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SERIES: Patterns - PR
LEVEL: Year, MintMark, & Major Variety

1874 $10 J-1373, DC (Proof)

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PCGS PR65DC
PCGS #:
415032
Diameter:
34.00 millimeters
Designer:
Dana Bickford & William Barber
Weight:
16.72 grams
Edge:
Reeded
Mintage:
Metal Content:
90% Gold, 10% Copper
Auction Record:
$1,265,000 • PCGS PR65 • 1-6-2010 • Heritage
 
Condition Census (Explain)
Pos Grade Thumbnail Pedigree and History
1 PR65DCAM PCGS grade

Judd and Akers plate coin.   A. Louden Snowden - William H. Woodin - Waldo Newcomer - consigned the coin to Wayte Raymond in 1932 but it did not sell - F.C.C. Boyd - Dr. J.H. Judd - Abe Kosoff, 1962:467 - acquired in a trade by Dr. John Wilkison in 1962 - sold to Paramount, 9/1973 - A-Mark in 1976 - repurchased by Paramount in 11/1978 - Paramount 7/1985:1306, $82,500 - Randolph S. Rothschild - Stack's 10/2003:1118, $276,000 - Heritage 1/2010:2373 (as PCGS PR65DCAM 15260583), $1,265,000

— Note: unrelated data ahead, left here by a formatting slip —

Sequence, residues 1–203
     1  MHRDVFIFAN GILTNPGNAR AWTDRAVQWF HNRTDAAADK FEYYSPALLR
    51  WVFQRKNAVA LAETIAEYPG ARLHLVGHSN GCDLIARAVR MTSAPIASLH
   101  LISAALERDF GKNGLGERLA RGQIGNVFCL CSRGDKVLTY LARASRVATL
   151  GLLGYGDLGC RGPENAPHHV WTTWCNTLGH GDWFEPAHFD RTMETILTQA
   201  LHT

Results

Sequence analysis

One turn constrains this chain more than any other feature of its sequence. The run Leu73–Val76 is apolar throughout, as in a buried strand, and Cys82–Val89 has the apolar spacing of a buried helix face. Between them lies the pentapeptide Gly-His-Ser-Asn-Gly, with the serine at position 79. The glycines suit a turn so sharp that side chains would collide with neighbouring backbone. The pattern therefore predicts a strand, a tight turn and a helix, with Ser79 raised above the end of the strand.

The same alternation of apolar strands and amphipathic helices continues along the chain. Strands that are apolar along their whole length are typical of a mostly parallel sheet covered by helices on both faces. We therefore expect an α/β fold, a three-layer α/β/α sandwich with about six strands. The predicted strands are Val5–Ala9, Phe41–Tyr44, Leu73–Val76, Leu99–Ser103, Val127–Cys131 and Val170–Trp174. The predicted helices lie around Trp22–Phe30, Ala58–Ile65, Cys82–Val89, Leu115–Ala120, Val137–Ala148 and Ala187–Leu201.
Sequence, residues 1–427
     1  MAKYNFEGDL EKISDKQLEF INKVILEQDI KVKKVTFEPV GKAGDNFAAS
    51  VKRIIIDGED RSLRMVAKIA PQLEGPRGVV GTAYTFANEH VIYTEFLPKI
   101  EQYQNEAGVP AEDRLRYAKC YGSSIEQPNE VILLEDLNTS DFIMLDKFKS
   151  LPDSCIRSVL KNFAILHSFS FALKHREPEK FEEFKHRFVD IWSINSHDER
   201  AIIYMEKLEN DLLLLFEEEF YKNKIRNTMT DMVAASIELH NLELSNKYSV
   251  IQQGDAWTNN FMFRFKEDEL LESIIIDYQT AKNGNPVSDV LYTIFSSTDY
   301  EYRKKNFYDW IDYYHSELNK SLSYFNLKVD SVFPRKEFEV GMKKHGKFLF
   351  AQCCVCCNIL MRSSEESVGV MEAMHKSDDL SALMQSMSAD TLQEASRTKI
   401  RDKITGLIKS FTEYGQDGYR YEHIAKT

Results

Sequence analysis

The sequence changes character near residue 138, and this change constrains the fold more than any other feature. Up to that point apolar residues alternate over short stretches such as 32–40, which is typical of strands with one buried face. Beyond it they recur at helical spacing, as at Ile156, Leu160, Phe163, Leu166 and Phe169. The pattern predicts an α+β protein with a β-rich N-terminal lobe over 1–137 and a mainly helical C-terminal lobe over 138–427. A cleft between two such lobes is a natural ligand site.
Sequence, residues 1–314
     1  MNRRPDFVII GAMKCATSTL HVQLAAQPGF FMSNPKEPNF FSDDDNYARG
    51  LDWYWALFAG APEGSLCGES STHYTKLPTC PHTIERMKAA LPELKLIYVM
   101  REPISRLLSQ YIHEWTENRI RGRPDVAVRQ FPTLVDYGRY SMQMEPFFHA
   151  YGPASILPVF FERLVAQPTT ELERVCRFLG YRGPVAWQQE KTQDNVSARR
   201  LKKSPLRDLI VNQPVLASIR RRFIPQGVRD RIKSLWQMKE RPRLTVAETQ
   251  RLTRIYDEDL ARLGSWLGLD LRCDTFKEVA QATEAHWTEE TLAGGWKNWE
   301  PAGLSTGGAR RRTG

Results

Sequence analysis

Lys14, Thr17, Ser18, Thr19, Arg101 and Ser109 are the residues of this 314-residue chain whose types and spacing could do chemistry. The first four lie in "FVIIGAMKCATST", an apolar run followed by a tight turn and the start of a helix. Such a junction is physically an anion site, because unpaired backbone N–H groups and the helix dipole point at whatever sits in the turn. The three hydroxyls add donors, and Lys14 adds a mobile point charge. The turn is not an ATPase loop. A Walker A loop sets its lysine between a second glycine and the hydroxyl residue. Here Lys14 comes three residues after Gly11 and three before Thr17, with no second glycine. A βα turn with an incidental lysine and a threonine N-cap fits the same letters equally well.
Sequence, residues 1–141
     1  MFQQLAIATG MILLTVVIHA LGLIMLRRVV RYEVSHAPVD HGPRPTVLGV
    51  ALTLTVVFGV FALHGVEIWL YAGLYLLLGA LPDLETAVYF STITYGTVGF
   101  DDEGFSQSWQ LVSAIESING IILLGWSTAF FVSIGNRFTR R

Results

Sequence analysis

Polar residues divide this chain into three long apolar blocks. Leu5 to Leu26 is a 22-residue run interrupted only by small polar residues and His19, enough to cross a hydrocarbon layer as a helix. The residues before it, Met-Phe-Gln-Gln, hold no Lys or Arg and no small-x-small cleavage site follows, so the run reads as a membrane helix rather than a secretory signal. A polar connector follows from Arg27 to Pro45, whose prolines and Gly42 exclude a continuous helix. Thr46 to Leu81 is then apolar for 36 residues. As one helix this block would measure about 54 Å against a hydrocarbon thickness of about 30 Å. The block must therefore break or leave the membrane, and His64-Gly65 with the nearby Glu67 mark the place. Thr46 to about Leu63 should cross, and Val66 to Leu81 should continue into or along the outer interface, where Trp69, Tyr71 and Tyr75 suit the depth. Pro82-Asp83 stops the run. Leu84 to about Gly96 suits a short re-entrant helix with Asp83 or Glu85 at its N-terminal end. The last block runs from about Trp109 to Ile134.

Condition Census (Explain) Show fewer rows
Pos Grade Thumbnail Pedigree and History
1 PR65DCAM PCGS grade

Judd and Akers plate coin.   A. Louden Snowden - William H. Woodin - Waldo Newcomer - consigned the coin to Wayte Raymond in 1932 but it did not sell - F.C.C. Boyd - Dr. J.H. Judd - Abe Kosoff, 1962:467 - acquired in a trade by Dr. John Wilkison in 1962 - sold to Paramount, 9/1973 - A-Mark in 1976 - repurchased by Paramount in 11/1978 - Paramount 7/1985:1306, $82,500 - Randolph S. Rothschild - Stack's 10/2003:1118, $276,000 - Heritage 1/2010:2373 (as PCGS PR65DCAM 15260583), $1,265,000